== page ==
Intermittent Magic is the specialty of "The Green Knight"

Uneasy mixture of the past and the future, David Lowery's Arthurian story adaptation succeeds when he is captivated by cinema's ability to measure and manipulate the time.

Intermittent Magic is the specialty of "The Green Knight"

The crowns are one of the most memorable parts of David Lowery’s new film "The Green Knight." They are worn by King Arthur (Sean Harris), and his queen (Kate Dickie). The crowns have built-in halos that attach to the back at ninety degrees. This is handy for reminding your subjects you rule by divine rights. Lowery's version of the Round Table will be of interest to students of Arthurian tradition. It is more like a ring with plenty of room for scheming jesters and blackjack dealers. Keep an eye out for this.

Without an invitation, Arthur's hall is invaded by a horse-drawn figure--the Green Knight. He was played by Ralph Ineson who also starred in "The Witch", (2015). His voice sounds like a piccolo and makes it clear that this Ineson is a horseman. His features are covered in rough bark, making him part tree like the Ent in "The Lord of the Rings" (2015), and creaking as he moves. The film is full of sounds, and it is worth savoring with your closed eyes. But the most memorable is the steely, clanging hiss that greets an intruder as Arthur's men draw their swords. The Knight is armed with an axe, a branch of holy, and it's Christmas. He also has a festive wager: Who will strike him with one swing of a knife and then, a year, and a day later, take a blow in return. Arthur whispers in a darkly disturbing voice, "Remember it's only a game."

The film's title, "A Filmed Adaptation to the Chivalric Romance By Anonymous" describes "The Green Knight" in a suitably antiquated font. It is a long English poem called "Sir Gawain & the Green Knight," which is most likely written in the early fourteenth century. The poet promises to tell his tale "as hit is stad and stoken / In stori stif and stronge"--or, as rendered by J. R. R. Tolkien, "as it is fixed and fettered / in story brave and bold." If the language of the original, thorny with alliteration, has proved as tempting and as testing to modern translators--including the poets W. S. Merwin and Simon Armitage--as the challenge thrown down in Arthur's court, how much tougher is the task of conveying, in a movie, even scraps of so distant a legend?

Another option is to take the entire thing awake. The sleeping Gawain (Dev Patel), is tossed a bucket of water by Essel (Alicia Vikander), his low-born lover. Essel's accent sounds like a traveling minstrel. Someone calls to him and asks, "Are you a knight yet?" He replies, "Not yet." "Better hurry up," he replies. We see that Gawain is not the hero of gallant virtues as he is described in the poem. Instead, he is Gawain, a lad who is lusty, hasty and uncertain of his noble calling. He is the one who answers the Green Knight's dare and decapitates him. Later, however, he watches as his victim calmly retrieves his head (which makes a defiant laughter) and leaves. The honor-bound man is now obligated to go on a journey, facing many perils along the way. And as the year winds down, he meets the woody stranger again and waits for the axe to bite.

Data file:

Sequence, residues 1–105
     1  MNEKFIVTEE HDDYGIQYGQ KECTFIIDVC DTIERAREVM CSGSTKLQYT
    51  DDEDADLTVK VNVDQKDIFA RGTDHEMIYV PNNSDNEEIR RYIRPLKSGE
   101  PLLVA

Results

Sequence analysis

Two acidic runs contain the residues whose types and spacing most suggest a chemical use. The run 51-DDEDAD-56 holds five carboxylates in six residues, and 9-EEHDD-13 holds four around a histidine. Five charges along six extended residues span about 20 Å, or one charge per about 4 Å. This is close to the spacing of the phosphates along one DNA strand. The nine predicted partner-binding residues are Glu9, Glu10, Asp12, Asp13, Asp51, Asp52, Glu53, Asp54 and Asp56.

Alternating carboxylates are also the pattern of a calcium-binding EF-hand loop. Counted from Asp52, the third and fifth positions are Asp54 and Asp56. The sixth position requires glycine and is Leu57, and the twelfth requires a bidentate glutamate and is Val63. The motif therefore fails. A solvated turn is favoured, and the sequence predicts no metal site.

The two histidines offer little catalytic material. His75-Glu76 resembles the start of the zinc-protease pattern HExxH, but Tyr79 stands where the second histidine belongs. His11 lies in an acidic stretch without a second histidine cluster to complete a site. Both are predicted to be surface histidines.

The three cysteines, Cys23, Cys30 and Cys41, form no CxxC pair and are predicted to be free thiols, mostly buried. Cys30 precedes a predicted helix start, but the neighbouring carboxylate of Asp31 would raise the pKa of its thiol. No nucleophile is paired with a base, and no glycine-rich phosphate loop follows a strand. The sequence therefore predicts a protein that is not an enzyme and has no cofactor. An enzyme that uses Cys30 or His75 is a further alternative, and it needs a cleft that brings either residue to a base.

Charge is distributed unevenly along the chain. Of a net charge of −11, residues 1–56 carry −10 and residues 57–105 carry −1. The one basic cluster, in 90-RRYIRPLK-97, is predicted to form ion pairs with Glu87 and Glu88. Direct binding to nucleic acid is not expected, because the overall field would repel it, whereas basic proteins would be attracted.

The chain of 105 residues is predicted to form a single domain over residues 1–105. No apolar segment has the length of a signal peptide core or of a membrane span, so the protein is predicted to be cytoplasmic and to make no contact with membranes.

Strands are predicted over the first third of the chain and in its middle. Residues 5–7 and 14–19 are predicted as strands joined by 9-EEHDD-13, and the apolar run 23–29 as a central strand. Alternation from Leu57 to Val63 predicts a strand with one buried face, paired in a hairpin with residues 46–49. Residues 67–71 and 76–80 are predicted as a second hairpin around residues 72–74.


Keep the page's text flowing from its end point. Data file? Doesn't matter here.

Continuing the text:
The film's uneasy mix of the past and the future is a jarring reminder of what the film was. Gawain fulfils his Yuletide promise and takes refuge at a lonely castle. The lord (Joel Edgerton), provides a warm welcome, while his wife (Vikander again with improved elocution), makes it even warmer, much to Gawain’s dismay. But what we see in his chamber is less carnally honest than what we read on page. "Hir brest isbare bifore, bihinde eke,"--and so is the bloodshed. It is impossible to see the hunting scenes that Lowery so meticulously captures, including the butchering and gutting. Lowery is a long-time vegan. What have is a talking Fox, imported from Lars von Trier’s less arboreal Antichrist (2009). Also, a brief introduction to Gawain’s mother (Sarita Chudhury), who is a sorceress with many charms and a guest appearance by a group of passing giants. We also get to hear the phrase "You'll become my lady, and you'll be mine man" which would have shocked Tolkien (one of the most distinguished editors of the poem), and which suggests that Celine Dion's work was the basis of courtly love culture.

The Green Knight has a unique magic. Lowery's ability to manipulate and measure time, as he demonstrated in "A Ghost Story", (2017), is what makes "The Green Knight" so special. Gawain is trussed by bandits and lies on the forest floor in this amazing sequence. The camera moves through three hundred sixty degrees, finding Gawain reduced to a skeleton. It then circles back in the other direction until it finally catches him alive and ready to be released from his bonds. The movie ends with Gawain running away from his axe, ashamed of what might have happened. We see him return home, inherit the crown and lose all joy as his reign falls. It's like a vision. We understand that this is what would happen to him if he fails in his chivalric duty. And such is the irony of this film: It is when the director takes his own route that he ends up on the overgrown path of the poet from long past, whose name will never be known.

While I don't want to be a witch, I would say that the kinship of "The Green Knight" and the "John and the Hole," Pascual Sisto's new movie, is more than mere coincidence. Sisto continues to weave the tale of Lowery, which is verdant and dangerous.

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